Meditations for Layfolks - False Accusations

To be falsely accused is to be conformed to the image of Christ. Perhaps the hardest thing of all to bear without complaint is just that final degradation under which our Master died. Other pains and penalties can be borne with lips closed: the sufferings that ill-health brings us, and the financial anxieties of life, do not touch us so nearly; they are so common and so passing that we can afford to take them easily as part of human destiny. When we have contrasted what we have to bear with what so many others are suffering, we feel the littleness of our character and its timidity, and we are ashamed. Even when we contrast what we have to bear with what we deserve, we find the immense forgiveness extended to us: it is really so small a pain that mere human courage, apart from all supernatural motives, would bid us be silent and bear our pain like men. Even the disappointment in friends, in ourselves, can be looked upon as something to be carried as our Master carried His Cross. Human nature is erring; and love itself gives us the courage to persevere in loving those who have renounced our love. But a false accusation brings our pain too near; it is too humbling! Its hardness can only be tempered and made less repugnant by the thought of the nearness that it brings us to the life of our Divine Model. For false accusations patiently borne are the very essence of the Sacred Passion; and by our following of our Master we are taught by love to rejoice. They are the necessary trials of all those who make atonement for the sins of others, else had no Redeemer come and Divine suffering not been accepted for the world.

But the reverse seems also to be true - namely, that those who suffer false accusations in patience are themselves also redeemers and make atonement for the sins of others. I, by accepting in silence the false accusation made against me by another, can bear that other's sin. It is all part of that deep mystery of the mystic Body of Christ. Somehow or other this wonderful doctrine which we profess in the Creed under the title of the Communion of Saints not merely teaches us the high dignity of our humanity but enables us to achieve that self-sacrifice which is the chief mark of the character of Christ. Now in this instance we have to realize that we are all members of that Mystic Body, and our entrance into it by Baptism means that the ransom of the Precious Blood has been applied to our souls. Yet, says Saint Paul, it is possible for us to fill up what is wanting to the sufferings of Christ. This cannot allude to the initial redemption which cannot be completed, for the twofold reason that none other is needed and none other could avail; it must seem that after some fashion we can help one another and apply to each other the merits that we have individually acquired. After all, there is one desire which follows upon love - the desire by our own suffering to lessen the sufferings of another. Because, then, we are all Christians, bound together unto love, we must offer for each other the torments we undergo. So that we can make it into a principle of spiritual experience that not merely must all redeemers be falsely accused, but all falsely accused can be redeemers.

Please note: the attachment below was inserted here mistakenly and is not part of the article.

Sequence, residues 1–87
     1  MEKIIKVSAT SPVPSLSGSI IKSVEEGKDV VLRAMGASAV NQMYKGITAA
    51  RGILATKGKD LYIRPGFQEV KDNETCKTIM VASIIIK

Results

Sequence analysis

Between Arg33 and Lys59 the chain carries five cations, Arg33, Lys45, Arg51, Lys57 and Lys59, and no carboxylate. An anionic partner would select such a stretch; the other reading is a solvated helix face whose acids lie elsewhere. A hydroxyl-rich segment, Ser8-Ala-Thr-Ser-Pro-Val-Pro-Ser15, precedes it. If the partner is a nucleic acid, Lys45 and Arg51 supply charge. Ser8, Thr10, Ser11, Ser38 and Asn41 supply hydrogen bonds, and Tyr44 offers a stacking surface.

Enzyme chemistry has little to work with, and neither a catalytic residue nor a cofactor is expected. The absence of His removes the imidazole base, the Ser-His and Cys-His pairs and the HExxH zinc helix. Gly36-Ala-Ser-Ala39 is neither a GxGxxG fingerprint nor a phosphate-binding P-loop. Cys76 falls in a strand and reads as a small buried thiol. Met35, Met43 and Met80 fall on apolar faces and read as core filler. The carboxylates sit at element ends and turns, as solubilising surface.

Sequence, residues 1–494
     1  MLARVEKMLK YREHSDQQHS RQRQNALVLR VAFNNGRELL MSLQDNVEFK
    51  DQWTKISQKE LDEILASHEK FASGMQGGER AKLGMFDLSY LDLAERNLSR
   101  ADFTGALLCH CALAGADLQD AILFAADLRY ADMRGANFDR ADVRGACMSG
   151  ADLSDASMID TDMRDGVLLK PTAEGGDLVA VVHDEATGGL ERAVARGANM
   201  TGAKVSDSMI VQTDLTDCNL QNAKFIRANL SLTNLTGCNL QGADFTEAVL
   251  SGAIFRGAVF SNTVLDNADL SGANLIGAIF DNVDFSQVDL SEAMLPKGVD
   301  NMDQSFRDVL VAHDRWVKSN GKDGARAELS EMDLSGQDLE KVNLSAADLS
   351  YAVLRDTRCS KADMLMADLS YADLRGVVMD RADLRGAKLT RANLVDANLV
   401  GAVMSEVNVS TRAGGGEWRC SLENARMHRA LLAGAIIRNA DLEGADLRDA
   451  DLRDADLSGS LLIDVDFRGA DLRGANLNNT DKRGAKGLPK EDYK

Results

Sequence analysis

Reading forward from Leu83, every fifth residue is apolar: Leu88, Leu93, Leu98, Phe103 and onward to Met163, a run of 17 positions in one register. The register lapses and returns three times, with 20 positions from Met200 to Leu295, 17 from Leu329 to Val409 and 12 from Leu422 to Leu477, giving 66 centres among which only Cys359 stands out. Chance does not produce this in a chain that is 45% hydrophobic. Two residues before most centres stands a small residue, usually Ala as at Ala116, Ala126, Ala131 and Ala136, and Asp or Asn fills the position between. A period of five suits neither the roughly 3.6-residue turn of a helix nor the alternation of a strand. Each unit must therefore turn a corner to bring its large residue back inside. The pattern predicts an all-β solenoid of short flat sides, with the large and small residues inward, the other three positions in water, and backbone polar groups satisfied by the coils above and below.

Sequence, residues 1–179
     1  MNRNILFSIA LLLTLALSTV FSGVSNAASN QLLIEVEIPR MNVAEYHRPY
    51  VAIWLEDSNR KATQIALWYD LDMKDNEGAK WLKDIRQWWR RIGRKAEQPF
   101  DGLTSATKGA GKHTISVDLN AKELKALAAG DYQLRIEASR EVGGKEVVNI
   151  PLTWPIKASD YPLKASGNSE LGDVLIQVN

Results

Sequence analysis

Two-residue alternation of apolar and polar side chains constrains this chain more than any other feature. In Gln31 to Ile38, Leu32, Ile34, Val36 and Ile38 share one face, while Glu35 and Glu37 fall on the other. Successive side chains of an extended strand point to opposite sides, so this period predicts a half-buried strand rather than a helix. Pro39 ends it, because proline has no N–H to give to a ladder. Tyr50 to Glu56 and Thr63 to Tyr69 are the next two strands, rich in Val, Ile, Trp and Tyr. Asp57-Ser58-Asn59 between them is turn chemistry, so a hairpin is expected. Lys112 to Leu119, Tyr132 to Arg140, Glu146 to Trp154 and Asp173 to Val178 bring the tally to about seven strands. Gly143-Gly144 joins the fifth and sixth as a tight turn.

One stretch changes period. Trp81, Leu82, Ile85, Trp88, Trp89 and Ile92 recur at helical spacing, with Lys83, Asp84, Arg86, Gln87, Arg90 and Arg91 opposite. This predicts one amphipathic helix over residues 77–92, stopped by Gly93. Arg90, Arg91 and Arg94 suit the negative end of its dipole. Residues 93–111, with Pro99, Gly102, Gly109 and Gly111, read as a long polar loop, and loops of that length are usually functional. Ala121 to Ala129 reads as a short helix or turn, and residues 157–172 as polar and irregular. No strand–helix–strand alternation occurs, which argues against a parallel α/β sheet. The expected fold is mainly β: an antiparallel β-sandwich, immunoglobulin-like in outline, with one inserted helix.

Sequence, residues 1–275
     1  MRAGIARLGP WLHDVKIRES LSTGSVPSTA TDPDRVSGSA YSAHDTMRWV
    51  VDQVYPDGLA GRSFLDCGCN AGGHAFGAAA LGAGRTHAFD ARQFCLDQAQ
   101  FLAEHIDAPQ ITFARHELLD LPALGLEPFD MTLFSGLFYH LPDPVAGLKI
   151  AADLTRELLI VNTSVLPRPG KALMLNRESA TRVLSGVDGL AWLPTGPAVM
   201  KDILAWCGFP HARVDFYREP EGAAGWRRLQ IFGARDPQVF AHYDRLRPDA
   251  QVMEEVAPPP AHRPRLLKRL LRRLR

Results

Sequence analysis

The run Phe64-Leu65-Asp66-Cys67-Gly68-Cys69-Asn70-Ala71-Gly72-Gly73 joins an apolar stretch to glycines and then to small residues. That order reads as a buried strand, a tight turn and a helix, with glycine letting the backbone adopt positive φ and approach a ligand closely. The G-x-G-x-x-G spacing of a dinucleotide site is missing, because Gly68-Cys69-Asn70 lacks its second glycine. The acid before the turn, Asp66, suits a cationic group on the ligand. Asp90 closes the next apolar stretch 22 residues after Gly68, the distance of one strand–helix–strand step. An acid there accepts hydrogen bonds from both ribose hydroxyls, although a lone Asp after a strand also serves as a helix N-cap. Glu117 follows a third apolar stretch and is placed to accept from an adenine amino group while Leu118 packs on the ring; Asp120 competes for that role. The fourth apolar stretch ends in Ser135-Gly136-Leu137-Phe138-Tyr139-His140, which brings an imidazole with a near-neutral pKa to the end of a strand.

The spirit, then, of Christ must dominate my own, and the attitude I must hold to life is this: that all those who persecute me are those precisely for whom I must offer the patience of my forbearance. It would have a very evil and unchristian effect upon me if I got it into my head that everyone was persecuting me. I should grow even more priggish than I am; but when I do find others who make my life difficult, I must dedicate to their service the difficulties I undergo, even as my Master died for those who accused Him of evil which they knew could not be laid to His charge. How far, then, does this silence under false accusations come into my life? It is obvious that some imputed faults I have a right and an obligation to deny; it is freely declared by many saints that the accusation of disbelief, heresy, etc., must never be submitted to in silence; and we can note shortly that we must refuse to acknowledge all such accusations when God's honour or our own, or our neighbour's good, require it. But there are many occasions when I can easily be silent, yet I am not. I make haste to protest, for fear of losing my reputation; I am quick to resent any such thing. Yet really I ought to prefer that people should accuse me falsely than truly; for it is written: "Blessed are ye when men revile you and speak evil of you, untruly, for My name's sake. Be glad and rejoice, for your reward is very great in Heaven." Saint Peter Martyr, complaining to his Master of such false accusations, demanded: "Lord, what have I done?" and the answer that came from the Crucifix taught the lesson of Christ: "And I, Peter, what have I done?"

- text taken from Meditations for Layfolk by Father Bede Jarrett, O.P.